“I’m stuck, and I feel like God’s nowhere to be found.”
“I can’t get over how they treated me—like I’m something less than human.”
“There’s no hope for me. I’m sorry I’ve wasted your time.”
“This is just God’s will for me. There’s no use in praying.”
These types of emotionally charged sentiments come from counselees who are experiencing a season of depression. On occasion, I’ve been persuaded that the roots were at least partly physiological, but more often, there’s been an identifiable circumstance that gave rise to the person’s change in mood (job loss, illness, death of a spouse or other loved one, divorce, etc.).
In many cases I’ve advised counselees to seek a medical checkup and to follow their doctors’ orders to care for their bodies, while we enter the counseling process to shepherd their souls. In all cases I’ve secured the counselees’ commitment not to hide any thinking that could be described as “suicidal,” but instead to bring into the light what usually prefers to remain hidden (cf. Eph. 5:13).
These and other “front matter” issues have not usually proven to be the most difficult to address. Fortunately, medical issues and suicidal thinking have not been common. What has been more common and difficult for counselees to overcome is the ongoing heart-level dialogue they have within themselves. On this point Paul Tripp has written, “No one is more influential in your life than you are, because no one talks to you more than you do.”1
Depression, it seems, grows into an unruly preacher of a false “gospel” that robs counselees of hope as it progressively dominates their thinking and potentially influences their behavior. Embedded in this harmful pattern is a distorted view of who God is and a lingering doubt concerning the trustworthiness of His promises. In such cases, helping counselees learn how to take back ownership of that “inner voice” and saturate their depression with the truths of Scripture becomes a key to the change process.
While taking care not to minimize the reality of a counselee’s suffering, we must recall that depression, like anxiety, often overestimates the weight of the problem, while it underestimates the abundance of hope available in Christ. In the midst of depression, counselees may fall into this pattern of thinking where every disappointment serves only to reinforce unbiblical expectations. Ed Welch has written, “Depression can accumulate lots of inaccurate interpretations about ourselves, other people, and God Himself. Scripture comes and corrects those misinterpretations and false beliefs.”2 The Christian counselor must specialize in helping counselees overcome the lies of depression with the truths of Scripture.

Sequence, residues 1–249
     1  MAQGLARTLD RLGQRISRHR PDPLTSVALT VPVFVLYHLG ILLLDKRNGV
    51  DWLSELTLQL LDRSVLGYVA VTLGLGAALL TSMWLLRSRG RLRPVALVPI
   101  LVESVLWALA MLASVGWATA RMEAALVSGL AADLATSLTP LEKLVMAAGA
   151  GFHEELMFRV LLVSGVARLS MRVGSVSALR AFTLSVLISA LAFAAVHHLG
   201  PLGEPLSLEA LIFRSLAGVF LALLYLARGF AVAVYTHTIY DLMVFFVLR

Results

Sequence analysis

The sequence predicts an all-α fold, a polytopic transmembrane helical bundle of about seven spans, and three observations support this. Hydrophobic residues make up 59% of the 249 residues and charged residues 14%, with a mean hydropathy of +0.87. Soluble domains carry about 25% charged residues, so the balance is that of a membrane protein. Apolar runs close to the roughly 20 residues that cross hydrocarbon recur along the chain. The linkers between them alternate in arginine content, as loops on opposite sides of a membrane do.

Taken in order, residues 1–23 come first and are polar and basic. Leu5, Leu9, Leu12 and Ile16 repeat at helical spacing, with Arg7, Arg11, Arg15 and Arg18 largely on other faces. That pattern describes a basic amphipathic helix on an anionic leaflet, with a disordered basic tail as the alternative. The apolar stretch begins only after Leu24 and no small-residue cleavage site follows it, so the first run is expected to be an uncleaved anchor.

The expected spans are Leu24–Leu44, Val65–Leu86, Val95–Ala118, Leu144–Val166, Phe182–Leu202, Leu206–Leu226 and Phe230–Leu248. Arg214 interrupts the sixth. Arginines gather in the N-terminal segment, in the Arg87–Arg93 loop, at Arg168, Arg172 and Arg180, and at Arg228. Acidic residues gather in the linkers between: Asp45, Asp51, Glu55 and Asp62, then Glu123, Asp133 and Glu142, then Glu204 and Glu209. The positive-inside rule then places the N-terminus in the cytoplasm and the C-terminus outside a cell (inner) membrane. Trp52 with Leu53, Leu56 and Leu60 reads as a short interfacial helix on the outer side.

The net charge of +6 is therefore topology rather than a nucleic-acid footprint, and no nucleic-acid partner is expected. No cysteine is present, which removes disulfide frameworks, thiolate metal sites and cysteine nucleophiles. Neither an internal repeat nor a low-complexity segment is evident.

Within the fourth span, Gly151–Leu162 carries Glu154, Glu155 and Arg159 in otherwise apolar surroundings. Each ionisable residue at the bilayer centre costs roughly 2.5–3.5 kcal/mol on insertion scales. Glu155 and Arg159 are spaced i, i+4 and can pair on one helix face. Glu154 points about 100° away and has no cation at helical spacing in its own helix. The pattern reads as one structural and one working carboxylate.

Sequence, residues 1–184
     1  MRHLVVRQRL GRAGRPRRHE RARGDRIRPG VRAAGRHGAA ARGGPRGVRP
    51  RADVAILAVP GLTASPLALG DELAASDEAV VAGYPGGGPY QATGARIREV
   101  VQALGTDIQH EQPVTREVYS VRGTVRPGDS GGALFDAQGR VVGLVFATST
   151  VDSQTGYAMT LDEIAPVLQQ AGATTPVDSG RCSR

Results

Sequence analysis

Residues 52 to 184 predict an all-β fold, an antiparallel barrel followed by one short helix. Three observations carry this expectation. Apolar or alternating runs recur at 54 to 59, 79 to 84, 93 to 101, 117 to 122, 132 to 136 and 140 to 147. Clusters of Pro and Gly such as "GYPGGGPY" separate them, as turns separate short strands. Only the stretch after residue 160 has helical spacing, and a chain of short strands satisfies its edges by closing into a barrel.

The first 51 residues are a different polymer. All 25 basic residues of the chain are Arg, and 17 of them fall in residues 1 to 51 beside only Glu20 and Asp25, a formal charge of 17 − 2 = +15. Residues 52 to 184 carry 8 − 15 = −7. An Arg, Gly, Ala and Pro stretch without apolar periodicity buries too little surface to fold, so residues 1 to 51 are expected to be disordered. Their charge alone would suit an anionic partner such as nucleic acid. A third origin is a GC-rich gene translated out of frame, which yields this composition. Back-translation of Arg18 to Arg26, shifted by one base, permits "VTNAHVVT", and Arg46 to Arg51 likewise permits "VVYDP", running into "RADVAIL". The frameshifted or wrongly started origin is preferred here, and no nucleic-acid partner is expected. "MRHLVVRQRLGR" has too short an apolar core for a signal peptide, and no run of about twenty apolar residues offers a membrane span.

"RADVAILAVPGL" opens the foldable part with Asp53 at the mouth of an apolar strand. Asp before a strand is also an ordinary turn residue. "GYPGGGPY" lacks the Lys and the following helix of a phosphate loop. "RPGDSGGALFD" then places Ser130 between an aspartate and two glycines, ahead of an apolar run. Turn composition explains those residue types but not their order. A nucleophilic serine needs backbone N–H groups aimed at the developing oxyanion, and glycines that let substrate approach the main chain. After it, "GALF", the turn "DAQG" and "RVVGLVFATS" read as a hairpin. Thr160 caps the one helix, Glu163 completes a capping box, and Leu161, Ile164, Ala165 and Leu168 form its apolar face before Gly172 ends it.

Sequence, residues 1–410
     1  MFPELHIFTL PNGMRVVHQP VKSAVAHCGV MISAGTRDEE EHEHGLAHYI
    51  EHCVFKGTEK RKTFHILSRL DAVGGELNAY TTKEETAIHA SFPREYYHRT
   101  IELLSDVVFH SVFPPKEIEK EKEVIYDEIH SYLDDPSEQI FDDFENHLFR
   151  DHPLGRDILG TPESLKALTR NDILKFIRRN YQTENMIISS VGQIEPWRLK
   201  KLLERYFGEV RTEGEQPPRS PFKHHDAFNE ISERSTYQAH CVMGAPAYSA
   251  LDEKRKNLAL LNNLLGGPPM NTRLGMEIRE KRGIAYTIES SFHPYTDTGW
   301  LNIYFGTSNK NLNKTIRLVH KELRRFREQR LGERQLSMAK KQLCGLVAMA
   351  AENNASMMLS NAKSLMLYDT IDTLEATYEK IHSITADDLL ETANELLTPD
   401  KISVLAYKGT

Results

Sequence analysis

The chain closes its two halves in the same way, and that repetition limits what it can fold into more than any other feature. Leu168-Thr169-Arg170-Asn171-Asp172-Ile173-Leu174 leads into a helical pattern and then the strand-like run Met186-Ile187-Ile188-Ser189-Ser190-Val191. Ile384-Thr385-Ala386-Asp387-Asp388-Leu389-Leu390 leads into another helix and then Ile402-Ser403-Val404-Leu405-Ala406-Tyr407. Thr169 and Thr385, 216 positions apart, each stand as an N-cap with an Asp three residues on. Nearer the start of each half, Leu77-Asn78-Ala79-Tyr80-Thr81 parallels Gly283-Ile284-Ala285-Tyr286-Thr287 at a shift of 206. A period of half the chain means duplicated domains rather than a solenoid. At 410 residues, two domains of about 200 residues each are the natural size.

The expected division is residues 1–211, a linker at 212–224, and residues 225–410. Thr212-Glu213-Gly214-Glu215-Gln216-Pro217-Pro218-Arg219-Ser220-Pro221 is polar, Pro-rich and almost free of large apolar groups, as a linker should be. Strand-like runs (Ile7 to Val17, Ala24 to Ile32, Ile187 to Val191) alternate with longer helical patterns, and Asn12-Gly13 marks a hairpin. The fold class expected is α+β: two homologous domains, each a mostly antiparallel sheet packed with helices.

Taking every thought captive
The Apostle Paul wrote that as Christians, we are to “take every thought captive to obey Christ” (2 Cor. 10:5 ESV). As understandable as a counselee’s depressive thoughts and sadness may be in a given scenario, the nature of depression’s message is often in opposition to the gospel.
If depression is like a preacher of a false gospel, the depressed person is like a congregation that gathers regularly to hear its voice and receive its instruction. In time, the roots of depression dig into the deepest recesses of the heart. This helps to explain why it so often plagues otherwise healthy people. But it also gives us clues as to how we may best help the depressed counselee.
While we may all benefit from an encouraging word from time to time, those who struggle with deep-seated spiritual depression need something more than religious platitudes, clichés, or the all-too-common “I’ll be praying for you!” Landscapers do not remove fully grown palm trees with plastic spoons. Likewise, Christian counselors should not attack spiritual problems with weak schemes and methodologies that deny the existence of the soul and the truth of Christ. Instead, they equip counselees with spiritual weapons that Paul said have “divine power to destroy strongholds” (2 Cor. 10:4 ESV).
We fight for change
Welch reminds us that the fight for gospel-driven change against depression is just that—a battle. He wrote, “These changes come only through a battle, and key to the battle is that we humble ourselves before the Lord and believe what He says.”3
This issue of belief is crucial. It is not a half-hearted belief, but a confidence in God’s Word in the face of difficult circumstances. Will counselees trust in the lies or half-truths of depression, or in the promises of God? Understanding how and why they arrive at their conclusions is often helpful for leading them in a hope-giving conversation.
When working with counselees who are choosing to believe in the false gospel of depression, one strategy that may be helpful is to ask them to make a list of the negative statements they hear being preached by their “inner voice” (i.e., their depression). Either on their own or perhaps in counseling, search out key Scripture references that speak truth in response to the depressive statements.
Finally, lead the counselees in a conversation that examines the statements by way of contrast and comparison. The goal is to arrive at points of practical application and renewed hope in the true gospel of Jesus Christ.
In the end, preaching the gospel to ourselves is powerful in the fight against spiritual depression. Troubled emotions are not silent. They are always preaching to the heart and demanding to be heard. As Christian counselors we must teach our depressed counselees not to allow their enemy to get the last word.
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- Paul Tripp, “You Talk to Yourself,” Paul Tripp Ministries, Inc., February 26, 2014, accessed October 23, 2015, http://www.paultripp.com/wednesdays-word/posts/you-talk-to-yourself.
- Edward T. Welch, Depression: Looking Up from the Stubborn Darkness (Greensboro, NC: New Growth Press, 2011), 225.
- Ibid., 225.